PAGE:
Adolescents are adept at using mobile phones and tablets, more so than people 20 years older than them. And parents are pacifying their babies and toddlers with applications on tablets and games on gaming consoles.
“Internet-use disorder” has been termed as a disease, with 5 sub-categories leading to this – one of them being addiction to online games.
How do we teach our children the essential values for them to survive in the real world? A world where if someone gets run over, they don’t get to buy life coins to come back to life. A world where being violent doesn’t count. A world where we need to save our animals and the environment because they matter to our – and the planet’s – survival.
Refocussing on the Core Fundamentals and Concepts
In 2013, the BBC wrote an article about children’s confusion about where their basic foods came from. Some thought that pasta and bread were made from meat and that potatoes grew on trees. Due to the agricultural system that we are a part of in Australia, we would like to think that our children are a little more knowledgeable than that, but, with all produce coming pre-packaged in supermarkets, it is only a matter of time before they too have no idea what a chicken looks like.
In recent years, education policies have focussed on STEM – the study of Science, Technology, Engineering and Mathematics. Through the use of real life scenarios and hands on activities in classrooms, students are encouraged to apply and practice what they study in terms of core concepts and fundamentals, to come up with solutions for problems as they learn.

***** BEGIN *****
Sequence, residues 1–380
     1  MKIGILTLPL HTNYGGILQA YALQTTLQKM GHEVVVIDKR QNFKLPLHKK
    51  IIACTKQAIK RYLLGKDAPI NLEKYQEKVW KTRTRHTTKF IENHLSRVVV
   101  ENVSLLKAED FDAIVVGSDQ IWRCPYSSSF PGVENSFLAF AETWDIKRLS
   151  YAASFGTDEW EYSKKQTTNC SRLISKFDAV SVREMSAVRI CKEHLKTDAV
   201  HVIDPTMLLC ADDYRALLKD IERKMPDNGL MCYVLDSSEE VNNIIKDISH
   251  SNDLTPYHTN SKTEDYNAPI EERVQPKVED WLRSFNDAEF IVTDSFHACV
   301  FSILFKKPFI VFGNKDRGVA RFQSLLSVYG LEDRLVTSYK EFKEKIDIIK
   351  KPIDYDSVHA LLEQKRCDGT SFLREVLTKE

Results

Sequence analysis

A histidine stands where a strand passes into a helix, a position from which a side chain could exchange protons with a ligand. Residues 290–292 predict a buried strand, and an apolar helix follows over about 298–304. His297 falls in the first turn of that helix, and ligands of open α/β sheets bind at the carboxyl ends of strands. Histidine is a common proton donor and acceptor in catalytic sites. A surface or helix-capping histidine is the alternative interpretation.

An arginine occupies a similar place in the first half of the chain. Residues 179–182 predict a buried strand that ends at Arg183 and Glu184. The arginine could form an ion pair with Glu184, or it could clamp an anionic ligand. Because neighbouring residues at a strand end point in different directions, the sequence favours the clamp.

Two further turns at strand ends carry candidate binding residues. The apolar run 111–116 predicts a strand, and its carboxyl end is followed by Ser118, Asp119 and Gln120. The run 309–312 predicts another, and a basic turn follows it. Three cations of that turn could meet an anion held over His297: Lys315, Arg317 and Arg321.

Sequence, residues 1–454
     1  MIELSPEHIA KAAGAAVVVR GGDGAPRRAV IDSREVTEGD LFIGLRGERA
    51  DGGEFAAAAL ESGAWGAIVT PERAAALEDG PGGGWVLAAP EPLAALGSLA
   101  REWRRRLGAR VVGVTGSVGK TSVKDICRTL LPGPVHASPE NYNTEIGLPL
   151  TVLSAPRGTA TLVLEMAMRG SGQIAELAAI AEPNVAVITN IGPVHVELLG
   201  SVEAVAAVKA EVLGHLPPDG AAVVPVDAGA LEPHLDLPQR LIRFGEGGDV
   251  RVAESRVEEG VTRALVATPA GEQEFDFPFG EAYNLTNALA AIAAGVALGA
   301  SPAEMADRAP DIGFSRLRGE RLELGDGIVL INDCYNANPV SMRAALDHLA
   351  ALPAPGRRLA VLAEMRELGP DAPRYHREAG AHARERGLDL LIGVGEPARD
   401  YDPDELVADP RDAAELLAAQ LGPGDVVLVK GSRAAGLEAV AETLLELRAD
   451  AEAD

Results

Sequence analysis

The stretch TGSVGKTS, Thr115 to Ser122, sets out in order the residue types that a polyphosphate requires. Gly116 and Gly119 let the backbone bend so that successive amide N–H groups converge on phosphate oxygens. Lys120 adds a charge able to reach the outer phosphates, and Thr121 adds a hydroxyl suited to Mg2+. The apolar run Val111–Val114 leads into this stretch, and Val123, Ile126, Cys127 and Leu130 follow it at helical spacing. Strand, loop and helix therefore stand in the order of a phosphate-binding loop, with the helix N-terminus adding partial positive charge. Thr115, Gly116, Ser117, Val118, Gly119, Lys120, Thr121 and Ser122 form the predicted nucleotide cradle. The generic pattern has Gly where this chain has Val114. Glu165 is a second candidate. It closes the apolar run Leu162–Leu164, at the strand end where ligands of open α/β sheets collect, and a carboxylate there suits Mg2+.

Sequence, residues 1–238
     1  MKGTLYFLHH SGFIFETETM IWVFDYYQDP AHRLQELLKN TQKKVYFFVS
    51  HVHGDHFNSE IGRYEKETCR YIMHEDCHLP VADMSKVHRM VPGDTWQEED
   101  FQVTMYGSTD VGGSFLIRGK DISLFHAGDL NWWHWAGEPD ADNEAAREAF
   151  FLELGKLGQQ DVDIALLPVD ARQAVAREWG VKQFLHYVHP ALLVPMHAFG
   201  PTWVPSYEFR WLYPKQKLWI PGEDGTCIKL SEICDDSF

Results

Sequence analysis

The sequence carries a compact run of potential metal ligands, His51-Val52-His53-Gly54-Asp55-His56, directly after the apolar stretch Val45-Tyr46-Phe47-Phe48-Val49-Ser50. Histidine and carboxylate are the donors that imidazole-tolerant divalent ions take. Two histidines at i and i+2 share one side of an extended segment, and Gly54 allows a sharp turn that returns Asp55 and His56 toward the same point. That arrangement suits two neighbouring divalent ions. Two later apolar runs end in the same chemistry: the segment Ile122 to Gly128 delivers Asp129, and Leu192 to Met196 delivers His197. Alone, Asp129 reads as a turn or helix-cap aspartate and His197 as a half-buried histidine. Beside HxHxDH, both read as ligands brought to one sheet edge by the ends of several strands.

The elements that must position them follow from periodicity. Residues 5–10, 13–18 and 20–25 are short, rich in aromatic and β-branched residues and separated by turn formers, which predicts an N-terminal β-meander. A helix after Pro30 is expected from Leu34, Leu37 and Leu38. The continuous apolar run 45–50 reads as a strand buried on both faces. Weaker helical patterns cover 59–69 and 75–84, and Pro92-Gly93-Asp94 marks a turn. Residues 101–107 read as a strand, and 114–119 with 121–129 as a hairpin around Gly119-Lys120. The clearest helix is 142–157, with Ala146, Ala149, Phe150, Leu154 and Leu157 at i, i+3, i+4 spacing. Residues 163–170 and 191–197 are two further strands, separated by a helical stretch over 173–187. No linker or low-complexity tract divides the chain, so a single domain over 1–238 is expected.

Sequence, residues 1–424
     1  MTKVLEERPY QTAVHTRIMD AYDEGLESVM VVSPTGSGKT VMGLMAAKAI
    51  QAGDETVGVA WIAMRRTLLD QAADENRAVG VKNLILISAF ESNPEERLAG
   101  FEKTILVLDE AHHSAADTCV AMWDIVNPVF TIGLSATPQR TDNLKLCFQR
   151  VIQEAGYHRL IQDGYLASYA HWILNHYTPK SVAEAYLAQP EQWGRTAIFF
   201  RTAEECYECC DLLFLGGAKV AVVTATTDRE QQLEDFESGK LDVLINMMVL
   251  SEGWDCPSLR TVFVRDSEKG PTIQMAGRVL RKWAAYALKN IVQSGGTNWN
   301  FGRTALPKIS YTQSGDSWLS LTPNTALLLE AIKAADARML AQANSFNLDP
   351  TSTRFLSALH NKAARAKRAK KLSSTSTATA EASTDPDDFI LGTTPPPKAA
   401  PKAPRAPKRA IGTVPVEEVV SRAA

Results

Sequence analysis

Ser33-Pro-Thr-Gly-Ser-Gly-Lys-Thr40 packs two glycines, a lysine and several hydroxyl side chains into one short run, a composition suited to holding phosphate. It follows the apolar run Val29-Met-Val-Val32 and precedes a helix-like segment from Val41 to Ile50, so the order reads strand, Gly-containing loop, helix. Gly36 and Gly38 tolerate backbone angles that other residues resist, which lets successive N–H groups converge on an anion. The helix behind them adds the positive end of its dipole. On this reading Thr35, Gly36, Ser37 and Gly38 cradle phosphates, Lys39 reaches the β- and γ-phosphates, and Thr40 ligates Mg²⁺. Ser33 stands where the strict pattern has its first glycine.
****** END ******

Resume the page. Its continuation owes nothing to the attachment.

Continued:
The main aim of a STEM-based education is to make learning more meaningful, exposing students to skills they would eventually use as adults.
STEMmates – promoting the understanding of fundamental STEM concepts and principles
STEMmates aims to play an active part in equipping Australians with necessary STEM skills and knowledge. Through our hands-on activity-based learning workshops, we make learning meaningful, to bring a focus back to the reality of the world that we live in.
Our programs are cantered on making students aware of the different careers available in their future and are taught at an early age how to work in teams, rather than solely individually behind a screen or phone. Technology is used as a tool rather than a way to keep children quiet or as a substitute for interaction with others.
Our oceanography course for example, looks at the natural world and how humans are impacting Earth systems and ecosystems, bringing the student’s thoughts back to their actions outside the video game world.
To find out more about our courses and how to keep your child entertained with beneficial, real world technology, visit our website or follow us on Facebook today.